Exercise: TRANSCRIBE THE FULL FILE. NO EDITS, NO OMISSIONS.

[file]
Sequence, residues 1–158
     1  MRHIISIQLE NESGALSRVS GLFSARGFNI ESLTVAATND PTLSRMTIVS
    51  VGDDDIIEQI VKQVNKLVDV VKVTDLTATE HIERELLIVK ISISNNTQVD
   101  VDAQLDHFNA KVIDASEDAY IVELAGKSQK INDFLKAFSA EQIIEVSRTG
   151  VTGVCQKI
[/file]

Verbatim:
Sequence, residues 1–158
     1  MRHIISIQLE NESGALSRVS GLFSARGFNI ESLTVAATND PTLSRMTIVS
    51  VGDDDIIEQI VKQVNKLVDV VKVTDLTATE HIERELLIVK ISISNNTQVD
   101  VDAQLDHFNA KVIDASEDAY IVELAGKSQK INDFLKAFSA EQIIEVSRTG
   151  VTGVCQKI